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Low cost satcoms under the microscope

In October 2010 SSTL kicked off a reliability study for the European Space Agency (ESA) in partnership with BAE Systems, looking at alternative approaches to designing and analysing system-level reliability for low cost telecommunications missions. ARTES-1 is the preparatory element to the Advanced Research in Telecommunications Systems (ARTES) programme. The ARTES-1 programme is fully funded by ESA and enables European and Canadian industry to explore innovative concepts to produce leading-edge satellite communications products and services through research and development activities. The study will conclude in the first half of 2012 and will propose alternative reliability prediction methods for the design, development and analysis of space systems within the European space industry in general - and low cost telecommunications satellites in particular. SSTL is developing a new cost effective telecommunications satellite under the name GMP (Geostationary Minisatellite Platform), currently capable of accommodating payloads of up to 32 transponders requiring up to 3kW of power, and being enhanced to accommodate up to 44 transponders / 4.5kW of power. The GMP’s origins lie in the British National Space Centre’s (now superseded by the UK Space Agency) MOSAIC programme. Work completed under MOSAIC (MicrO Satellite Applications In Collaboration) enabled SSTL to develop GIOVE-A for ESA, the first satellite of the European GNSS constellation launched in 2005 and still operational. At an orbital height of over 23,000 km, GIOVE-A also constituted a successful first move "beyond LEO" for the company. Drawing upon BAE Systems’ experience in system reliability and SSTL’s cost effective design methodologies, the study project team will produce a set of guidelines to evaluate the reliability of low cost design approaches to telecommunications missions of varying size and complexity.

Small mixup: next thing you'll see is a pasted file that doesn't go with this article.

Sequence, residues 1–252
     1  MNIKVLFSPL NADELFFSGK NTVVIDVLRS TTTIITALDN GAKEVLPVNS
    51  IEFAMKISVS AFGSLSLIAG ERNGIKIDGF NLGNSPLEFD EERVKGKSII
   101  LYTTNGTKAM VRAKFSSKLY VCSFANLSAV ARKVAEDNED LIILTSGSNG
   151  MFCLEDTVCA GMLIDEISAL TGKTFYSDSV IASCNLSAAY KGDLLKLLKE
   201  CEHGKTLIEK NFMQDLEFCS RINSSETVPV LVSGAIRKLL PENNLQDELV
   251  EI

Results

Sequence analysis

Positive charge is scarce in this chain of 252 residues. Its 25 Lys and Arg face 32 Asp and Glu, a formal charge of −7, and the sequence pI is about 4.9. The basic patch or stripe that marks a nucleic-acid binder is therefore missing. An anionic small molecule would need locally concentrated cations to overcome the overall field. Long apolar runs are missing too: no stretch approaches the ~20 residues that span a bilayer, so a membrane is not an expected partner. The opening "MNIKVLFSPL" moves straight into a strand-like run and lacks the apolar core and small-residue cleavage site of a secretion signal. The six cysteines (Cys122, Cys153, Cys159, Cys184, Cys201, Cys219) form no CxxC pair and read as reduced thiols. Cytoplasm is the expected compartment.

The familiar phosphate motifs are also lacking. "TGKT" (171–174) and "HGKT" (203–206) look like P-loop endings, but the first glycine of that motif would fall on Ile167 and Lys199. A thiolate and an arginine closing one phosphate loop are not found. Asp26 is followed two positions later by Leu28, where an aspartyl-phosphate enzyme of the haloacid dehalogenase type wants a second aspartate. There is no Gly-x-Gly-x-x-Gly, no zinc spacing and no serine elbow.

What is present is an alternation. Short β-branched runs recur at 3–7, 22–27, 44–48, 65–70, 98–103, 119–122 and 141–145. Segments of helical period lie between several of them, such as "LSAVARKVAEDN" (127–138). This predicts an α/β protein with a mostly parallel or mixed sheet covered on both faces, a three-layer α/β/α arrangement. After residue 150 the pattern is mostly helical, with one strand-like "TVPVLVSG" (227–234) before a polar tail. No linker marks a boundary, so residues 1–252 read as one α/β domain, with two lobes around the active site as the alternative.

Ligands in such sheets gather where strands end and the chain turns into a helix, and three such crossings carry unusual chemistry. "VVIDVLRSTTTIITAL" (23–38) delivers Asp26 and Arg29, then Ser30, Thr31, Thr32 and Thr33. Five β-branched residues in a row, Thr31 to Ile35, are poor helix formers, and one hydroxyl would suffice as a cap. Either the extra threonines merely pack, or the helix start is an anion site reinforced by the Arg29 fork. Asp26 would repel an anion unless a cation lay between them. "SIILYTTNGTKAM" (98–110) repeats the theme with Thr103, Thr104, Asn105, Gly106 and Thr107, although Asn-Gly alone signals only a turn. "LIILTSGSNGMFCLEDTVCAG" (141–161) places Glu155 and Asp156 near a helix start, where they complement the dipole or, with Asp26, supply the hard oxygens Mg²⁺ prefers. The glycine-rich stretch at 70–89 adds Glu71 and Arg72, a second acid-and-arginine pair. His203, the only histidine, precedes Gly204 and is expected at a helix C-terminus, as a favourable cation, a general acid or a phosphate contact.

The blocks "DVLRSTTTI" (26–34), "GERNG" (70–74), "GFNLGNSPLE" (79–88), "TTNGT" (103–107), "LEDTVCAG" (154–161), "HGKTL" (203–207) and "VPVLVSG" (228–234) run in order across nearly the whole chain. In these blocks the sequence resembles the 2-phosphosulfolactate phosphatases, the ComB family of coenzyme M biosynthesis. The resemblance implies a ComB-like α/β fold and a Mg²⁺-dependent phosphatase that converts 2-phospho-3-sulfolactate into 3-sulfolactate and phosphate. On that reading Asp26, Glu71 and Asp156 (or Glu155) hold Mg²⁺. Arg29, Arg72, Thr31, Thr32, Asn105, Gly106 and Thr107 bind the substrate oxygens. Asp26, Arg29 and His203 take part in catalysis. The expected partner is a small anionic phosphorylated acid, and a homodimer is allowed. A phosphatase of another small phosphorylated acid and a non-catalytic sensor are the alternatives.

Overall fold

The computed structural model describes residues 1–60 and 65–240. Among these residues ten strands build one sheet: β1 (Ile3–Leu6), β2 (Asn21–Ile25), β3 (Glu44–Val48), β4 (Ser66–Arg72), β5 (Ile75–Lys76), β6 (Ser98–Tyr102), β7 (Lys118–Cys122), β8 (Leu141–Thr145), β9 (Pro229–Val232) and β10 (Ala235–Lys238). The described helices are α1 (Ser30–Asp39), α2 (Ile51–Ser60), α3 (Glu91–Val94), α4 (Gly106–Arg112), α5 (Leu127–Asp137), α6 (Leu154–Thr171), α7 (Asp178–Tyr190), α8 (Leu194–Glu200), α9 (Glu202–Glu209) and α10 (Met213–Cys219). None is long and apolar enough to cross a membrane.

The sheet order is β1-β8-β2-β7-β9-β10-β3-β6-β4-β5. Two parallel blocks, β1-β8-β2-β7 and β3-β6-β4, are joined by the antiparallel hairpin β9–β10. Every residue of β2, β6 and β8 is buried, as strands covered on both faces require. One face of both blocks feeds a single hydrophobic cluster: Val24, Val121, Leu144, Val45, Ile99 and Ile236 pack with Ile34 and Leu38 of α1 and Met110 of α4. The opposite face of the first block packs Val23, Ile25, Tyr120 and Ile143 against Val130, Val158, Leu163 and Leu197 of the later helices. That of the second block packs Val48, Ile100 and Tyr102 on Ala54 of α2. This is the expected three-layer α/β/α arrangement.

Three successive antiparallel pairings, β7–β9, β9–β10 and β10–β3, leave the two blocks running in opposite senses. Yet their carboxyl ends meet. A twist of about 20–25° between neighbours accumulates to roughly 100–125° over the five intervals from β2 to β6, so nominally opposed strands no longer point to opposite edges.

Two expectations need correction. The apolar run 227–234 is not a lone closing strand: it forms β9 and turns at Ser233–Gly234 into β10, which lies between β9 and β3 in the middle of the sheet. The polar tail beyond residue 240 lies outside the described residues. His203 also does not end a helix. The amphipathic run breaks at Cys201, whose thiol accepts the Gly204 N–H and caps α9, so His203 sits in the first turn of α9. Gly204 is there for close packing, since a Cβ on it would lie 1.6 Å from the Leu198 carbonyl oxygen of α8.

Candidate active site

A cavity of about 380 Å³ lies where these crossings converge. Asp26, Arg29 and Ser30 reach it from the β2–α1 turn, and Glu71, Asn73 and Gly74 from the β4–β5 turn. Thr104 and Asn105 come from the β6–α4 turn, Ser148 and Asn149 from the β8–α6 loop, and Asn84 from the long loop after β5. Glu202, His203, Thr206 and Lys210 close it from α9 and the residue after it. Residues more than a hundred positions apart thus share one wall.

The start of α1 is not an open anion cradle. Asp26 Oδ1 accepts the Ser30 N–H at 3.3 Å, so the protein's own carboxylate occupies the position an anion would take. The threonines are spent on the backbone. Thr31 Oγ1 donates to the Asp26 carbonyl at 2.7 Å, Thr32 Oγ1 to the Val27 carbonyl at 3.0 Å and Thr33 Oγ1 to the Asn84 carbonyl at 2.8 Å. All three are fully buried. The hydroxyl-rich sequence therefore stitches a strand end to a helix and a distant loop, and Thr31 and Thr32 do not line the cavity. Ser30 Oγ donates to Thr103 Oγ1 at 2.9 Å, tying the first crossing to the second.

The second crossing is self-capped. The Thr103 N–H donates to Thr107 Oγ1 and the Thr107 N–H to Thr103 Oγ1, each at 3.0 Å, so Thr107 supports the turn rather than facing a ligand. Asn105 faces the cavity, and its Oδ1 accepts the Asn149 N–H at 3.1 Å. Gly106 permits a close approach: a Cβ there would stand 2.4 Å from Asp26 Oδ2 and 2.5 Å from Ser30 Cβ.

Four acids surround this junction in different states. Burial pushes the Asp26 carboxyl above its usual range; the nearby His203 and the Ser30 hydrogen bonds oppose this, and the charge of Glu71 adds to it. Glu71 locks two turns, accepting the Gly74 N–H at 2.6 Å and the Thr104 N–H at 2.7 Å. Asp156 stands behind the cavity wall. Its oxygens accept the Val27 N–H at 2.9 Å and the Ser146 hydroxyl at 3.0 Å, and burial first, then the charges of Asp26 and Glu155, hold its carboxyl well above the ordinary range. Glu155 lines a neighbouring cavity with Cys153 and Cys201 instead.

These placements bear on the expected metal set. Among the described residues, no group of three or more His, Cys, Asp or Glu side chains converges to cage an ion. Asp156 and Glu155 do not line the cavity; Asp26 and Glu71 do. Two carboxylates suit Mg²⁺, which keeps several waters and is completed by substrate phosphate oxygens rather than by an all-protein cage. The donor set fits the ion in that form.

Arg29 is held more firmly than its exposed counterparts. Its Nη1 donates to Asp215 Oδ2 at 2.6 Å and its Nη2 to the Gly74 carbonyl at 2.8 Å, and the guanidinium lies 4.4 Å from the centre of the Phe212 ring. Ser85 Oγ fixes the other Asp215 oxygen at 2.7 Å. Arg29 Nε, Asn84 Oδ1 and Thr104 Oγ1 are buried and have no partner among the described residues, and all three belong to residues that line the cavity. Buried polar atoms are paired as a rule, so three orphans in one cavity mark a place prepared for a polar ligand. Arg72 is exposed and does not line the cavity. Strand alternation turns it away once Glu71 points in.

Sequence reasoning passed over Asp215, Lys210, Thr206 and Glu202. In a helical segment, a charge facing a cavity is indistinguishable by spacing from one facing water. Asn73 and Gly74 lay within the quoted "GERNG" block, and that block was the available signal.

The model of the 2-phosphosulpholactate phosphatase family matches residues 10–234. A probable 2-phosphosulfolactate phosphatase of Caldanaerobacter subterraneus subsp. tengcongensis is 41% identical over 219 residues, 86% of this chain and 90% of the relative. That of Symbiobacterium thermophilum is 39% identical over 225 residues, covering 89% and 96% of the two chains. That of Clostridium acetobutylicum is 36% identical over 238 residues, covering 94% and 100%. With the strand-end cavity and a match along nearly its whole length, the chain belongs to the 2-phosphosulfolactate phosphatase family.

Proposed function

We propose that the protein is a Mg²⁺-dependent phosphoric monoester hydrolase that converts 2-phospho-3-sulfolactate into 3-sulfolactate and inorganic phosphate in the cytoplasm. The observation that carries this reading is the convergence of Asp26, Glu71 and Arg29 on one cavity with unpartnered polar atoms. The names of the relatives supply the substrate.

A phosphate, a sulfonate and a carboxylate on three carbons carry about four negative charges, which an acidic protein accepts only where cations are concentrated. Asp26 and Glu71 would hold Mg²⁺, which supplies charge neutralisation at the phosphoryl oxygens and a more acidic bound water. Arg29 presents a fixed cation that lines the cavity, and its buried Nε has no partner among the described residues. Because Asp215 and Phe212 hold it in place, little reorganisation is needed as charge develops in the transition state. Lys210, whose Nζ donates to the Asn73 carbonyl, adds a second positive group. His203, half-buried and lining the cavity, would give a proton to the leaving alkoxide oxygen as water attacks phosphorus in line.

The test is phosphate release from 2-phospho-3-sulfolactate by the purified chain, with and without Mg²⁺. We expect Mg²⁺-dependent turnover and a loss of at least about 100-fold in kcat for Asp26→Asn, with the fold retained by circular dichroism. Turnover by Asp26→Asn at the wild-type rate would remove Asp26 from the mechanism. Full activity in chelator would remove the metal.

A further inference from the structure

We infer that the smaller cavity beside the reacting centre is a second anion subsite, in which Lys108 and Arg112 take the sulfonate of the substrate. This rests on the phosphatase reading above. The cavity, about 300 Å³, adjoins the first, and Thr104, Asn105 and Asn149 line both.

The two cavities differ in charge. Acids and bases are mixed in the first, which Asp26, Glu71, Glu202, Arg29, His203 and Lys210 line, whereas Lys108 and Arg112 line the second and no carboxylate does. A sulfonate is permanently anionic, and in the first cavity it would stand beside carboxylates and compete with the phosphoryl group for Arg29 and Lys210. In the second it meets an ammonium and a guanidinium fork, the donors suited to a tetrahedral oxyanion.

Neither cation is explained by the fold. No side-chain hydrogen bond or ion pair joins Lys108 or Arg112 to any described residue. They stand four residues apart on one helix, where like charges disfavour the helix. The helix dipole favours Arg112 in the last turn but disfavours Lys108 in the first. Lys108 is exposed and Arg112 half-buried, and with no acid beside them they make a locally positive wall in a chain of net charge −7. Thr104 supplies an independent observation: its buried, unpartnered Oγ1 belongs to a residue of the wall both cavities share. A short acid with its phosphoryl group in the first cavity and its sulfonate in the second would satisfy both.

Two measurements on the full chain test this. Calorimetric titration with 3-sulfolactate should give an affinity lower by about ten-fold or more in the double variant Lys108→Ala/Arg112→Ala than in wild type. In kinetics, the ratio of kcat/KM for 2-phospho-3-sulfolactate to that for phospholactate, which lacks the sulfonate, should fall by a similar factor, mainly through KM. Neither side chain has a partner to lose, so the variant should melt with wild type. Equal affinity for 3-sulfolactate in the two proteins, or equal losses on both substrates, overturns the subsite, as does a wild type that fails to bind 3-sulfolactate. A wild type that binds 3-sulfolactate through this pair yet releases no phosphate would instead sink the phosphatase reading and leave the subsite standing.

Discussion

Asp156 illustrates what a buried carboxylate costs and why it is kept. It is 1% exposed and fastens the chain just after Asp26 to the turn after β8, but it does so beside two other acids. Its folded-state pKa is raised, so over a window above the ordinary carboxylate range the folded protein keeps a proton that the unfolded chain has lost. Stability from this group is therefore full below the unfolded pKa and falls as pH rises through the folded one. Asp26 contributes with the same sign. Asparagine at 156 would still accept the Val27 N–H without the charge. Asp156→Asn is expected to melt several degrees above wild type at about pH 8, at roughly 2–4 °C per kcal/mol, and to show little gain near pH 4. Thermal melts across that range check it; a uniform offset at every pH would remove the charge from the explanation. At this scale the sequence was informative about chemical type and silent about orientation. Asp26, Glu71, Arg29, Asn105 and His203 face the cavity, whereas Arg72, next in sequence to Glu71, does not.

31 January 20110 Comments1 Comment

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